Italian Liqueurs
A liqueur is a sweet alcoholic beverage oftern flavored with fruits, herbs, spices, seeds, plants, and bark. Aperitifs and digestifs are alcoholic drinks that are generally served with meals.

Italian Cocktail Recipes  >>
Italian Fried Pastries
The names and shapes of these fried delicacies differ from region to region.  Zeppole are a traditional treat made for St. Joseph's Day which is March 19.  Fried pastries are also a typical sweet made for Carnevale, which is similar to Mardi Gras in the US, and is the final celebration before Ash Wednesday and the season of Lent.
Carnival Fritters


1 cup flour
2 tablespoons sugar
1/2 teaspoon. salt
2 tablespoons unsalted butter, room temperature
1 egg
2 tablespoons grappa

Vegetable oil for deep frying
Confectioners sugar for dusting


In a small bowl, combine the flour, sugar, and salt.
In a large bowl, combine the butter, egg, and grappa. Add the dry ingredients and stir until the dough is stiff. Transfer to a lightly floured surface and knead until smooth, about 1 minute. Cover and let rest for 30 minutes.

Divide the dough in half. Roll out each half as thinly as possible.
With a pastry cutter, cut into 4" x 1-1/2" strips.

In a deep fryer or  saucepan, heat oil to 350 degrees F. Working in batches, add the strips to the oil and fry until puffed and golden, 1-2 minutes. Using a slotted spoon, transfer to paper towels to drain. When completely cool, dust with confectioner sugar. Best when served immediately, but they can be stored at room temperature for a few days.
Bow Ties (Farfellette Dolci)
(Makes about 40)

Delicate strips of sweetened fried dough are eaten throughout Italy and are know by a variety of regional names.  Southern Italians call them chiacchiere, meaning gossip, because the trail of confectioners' sugar the pastries leave behind tells the tale of what you have been eating.  Frittelle is another name used which means a small, fried thing.  The strips are also know as nastri delle suore (nun's ribbons), cenci (rags and tatters), crostoli in Trieste and Fruili, galani in Veneto,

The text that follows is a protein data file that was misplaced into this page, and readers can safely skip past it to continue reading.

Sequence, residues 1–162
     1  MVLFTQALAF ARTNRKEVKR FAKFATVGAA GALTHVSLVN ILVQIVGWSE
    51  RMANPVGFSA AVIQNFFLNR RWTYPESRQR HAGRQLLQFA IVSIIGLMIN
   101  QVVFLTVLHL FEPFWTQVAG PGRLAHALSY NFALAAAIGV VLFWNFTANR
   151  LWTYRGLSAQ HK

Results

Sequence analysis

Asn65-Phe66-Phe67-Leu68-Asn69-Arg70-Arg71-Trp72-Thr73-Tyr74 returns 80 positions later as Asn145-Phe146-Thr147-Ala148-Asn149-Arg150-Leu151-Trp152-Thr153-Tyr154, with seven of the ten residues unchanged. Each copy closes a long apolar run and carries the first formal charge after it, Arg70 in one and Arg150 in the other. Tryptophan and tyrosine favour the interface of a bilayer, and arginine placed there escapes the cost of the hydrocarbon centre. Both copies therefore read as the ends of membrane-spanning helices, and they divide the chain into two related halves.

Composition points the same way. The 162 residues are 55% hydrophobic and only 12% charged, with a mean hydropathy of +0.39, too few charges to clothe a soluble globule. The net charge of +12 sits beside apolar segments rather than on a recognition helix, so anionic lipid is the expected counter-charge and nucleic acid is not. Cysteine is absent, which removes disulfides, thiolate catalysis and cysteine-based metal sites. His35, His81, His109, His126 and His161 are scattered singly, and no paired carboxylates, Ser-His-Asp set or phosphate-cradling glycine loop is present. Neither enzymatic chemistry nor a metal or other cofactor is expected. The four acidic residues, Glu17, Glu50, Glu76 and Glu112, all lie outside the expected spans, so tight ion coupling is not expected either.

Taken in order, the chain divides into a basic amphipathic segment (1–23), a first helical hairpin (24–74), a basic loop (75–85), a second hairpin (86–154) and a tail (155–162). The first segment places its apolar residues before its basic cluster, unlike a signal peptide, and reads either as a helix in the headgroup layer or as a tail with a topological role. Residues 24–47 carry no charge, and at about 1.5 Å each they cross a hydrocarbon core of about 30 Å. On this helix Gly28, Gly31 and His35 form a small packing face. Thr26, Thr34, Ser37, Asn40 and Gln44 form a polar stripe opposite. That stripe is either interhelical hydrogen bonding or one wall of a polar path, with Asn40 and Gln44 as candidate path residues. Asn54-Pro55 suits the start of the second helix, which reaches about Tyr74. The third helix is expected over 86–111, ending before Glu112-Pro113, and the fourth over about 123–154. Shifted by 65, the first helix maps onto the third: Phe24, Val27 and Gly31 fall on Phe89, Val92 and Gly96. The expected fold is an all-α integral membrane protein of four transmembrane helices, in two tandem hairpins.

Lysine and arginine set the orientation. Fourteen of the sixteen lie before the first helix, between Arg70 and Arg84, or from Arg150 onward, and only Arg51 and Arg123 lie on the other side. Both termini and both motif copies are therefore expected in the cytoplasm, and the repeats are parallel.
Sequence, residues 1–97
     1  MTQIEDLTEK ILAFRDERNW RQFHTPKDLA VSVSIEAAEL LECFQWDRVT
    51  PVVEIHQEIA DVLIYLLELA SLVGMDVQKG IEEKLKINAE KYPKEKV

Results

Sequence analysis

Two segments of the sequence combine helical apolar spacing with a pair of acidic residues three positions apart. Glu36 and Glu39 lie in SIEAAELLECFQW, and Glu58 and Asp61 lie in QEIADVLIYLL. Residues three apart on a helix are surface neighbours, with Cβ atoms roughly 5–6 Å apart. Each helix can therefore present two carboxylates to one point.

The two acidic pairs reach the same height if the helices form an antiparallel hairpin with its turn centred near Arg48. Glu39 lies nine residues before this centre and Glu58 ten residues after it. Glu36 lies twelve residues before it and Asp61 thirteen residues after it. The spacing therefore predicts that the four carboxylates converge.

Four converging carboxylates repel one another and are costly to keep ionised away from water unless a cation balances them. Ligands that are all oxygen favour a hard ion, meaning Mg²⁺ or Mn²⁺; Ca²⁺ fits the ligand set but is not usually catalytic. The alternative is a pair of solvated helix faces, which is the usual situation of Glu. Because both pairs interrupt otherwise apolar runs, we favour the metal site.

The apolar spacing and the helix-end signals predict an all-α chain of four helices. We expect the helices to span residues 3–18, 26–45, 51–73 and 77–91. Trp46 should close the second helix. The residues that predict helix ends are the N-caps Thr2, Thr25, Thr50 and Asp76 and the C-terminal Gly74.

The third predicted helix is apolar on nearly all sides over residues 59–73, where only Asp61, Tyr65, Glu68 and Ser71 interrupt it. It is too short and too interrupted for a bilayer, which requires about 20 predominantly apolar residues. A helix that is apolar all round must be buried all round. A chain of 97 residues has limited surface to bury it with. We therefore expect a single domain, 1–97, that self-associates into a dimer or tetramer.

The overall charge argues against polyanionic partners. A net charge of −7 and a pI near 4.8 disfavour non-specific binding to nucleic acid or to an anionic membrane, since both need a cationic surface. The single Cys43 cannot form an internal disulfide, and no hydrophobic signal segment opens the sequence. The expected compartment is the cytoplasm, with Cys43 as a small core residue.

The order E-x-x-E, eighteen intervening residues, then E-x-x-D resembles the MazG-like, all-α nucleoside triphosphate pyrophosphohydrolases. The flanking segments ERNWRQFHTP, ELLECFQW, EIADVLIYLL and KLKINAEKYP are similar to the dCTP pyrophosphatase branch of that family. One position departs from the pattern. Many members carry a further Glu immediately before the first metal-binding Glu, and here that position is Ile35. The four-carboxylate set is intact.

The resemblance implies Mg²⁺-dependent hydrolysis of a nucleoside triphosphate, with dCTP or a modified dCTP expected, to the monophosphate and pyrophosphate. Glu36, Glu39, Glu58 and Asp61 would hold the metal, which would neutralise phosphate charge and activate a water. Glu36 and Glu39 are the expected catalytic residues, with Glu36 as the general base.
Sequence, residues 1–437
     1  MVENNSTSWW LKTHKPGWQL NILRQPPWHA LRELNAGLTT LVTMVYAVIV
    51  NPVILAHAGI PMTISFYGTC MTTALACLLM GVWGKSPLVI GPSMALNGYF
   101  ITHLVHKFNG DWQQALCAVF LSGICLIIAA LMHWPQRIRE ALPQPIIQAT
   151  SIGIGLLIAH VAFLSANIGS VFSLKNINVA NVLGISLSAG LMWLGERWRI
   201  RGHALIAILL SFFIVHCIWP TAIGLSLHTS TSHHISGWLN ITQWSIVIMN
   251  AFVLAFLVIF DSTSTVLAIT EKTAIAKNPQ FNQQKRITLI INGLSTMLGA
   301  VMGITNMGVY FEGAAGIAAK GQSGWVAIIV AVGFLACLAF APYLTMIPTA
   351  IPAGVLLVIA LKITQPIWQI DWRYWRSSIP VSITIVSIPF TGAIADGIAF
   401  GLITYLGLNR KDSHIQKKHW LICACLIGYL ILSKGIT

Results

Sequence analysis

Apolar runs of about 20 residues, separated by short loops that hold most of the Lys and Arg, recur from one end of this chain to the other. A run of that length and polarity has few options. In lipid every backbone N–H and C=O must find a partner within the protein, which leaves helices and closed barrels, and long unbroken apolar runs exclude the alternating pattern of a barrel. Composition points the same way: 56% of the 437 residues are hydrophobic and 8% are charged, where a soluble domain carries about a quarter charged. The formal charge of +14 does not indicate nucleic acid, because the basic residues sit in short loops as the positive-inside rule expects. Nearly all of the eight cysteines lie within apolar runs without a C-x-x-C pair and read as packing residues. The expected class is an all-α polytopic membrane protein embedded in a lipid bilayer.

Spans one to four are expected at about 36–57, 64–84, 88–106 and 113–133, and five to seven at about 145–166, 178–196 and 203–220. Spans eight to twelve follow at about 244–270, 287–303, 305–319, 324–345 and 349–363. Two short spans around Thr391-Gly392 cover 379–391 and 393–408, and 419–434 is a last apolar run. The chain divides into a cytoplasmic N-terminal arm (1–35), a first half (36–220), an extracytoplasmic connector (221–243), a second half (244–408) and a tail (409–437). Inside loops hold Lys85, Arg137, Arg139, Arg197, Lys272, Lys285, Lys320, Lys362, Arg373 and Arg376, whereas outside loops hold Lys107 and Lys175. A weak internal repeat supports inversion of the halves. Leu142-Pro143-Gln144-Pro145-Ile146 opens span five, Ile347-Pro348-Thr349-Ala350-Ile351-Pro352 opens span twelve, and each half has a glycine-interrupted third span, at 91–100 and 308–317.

and frappe in Umbria. Just as the names are different, the recipes for bow ties vary slightly from one region to another.


4  tablespoons unsalted butter, room temperature
3 eggs
1 teaspoon vanilla extract
1-1/2 to 1-3/4 cups flour
3 teaspoons baking powder
1/4 teaspoon salt

Vegetable oil for frying
Confectioners' sugar for dusting


Using an electric mixer, beat together the butter, eggs, and vanilla.
On low speed, gradually add 1 cup fo flour, baking powder, and salt.
Transfer the dough to a well-floured surface and knead in the remaining flour.
The dough should be smooth and elastic. Add additional flour, if the dough is too sticky.

Divide the dough in half. Roll out one piece of the dough to about 1/8-inch thick in a rectangular shape. Using a pastry cutter, cut the dough into strips 4 inches long by 2 inches wide. Cut a small slit in the center of each strip. Take one end of the strip and pull it through the slit in the center.  This will give you a bow tie shape. Continue rolling and shaping all the dough.

Heat oil in a deep fryer to 375 degrees F. Drop a few of the bow ties into the oil.
Only fry 4 to 5 pieces at a time so they are not crowded in the oil Fry 1 to 2 minutes, until lightly browned on both sides, turning them often with a slotted spoon. Remove the bow ties from the oil with a slotted spoon and transfer to paper towels to drain. When cool, dust with confectioners' sugar.
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Venetian Fritole

Makes about 48)

These fritters are a specialty of the Veneto region of Italy, especially during Carnevale.


1/2 cup raisins
1/3 cup grappa or rum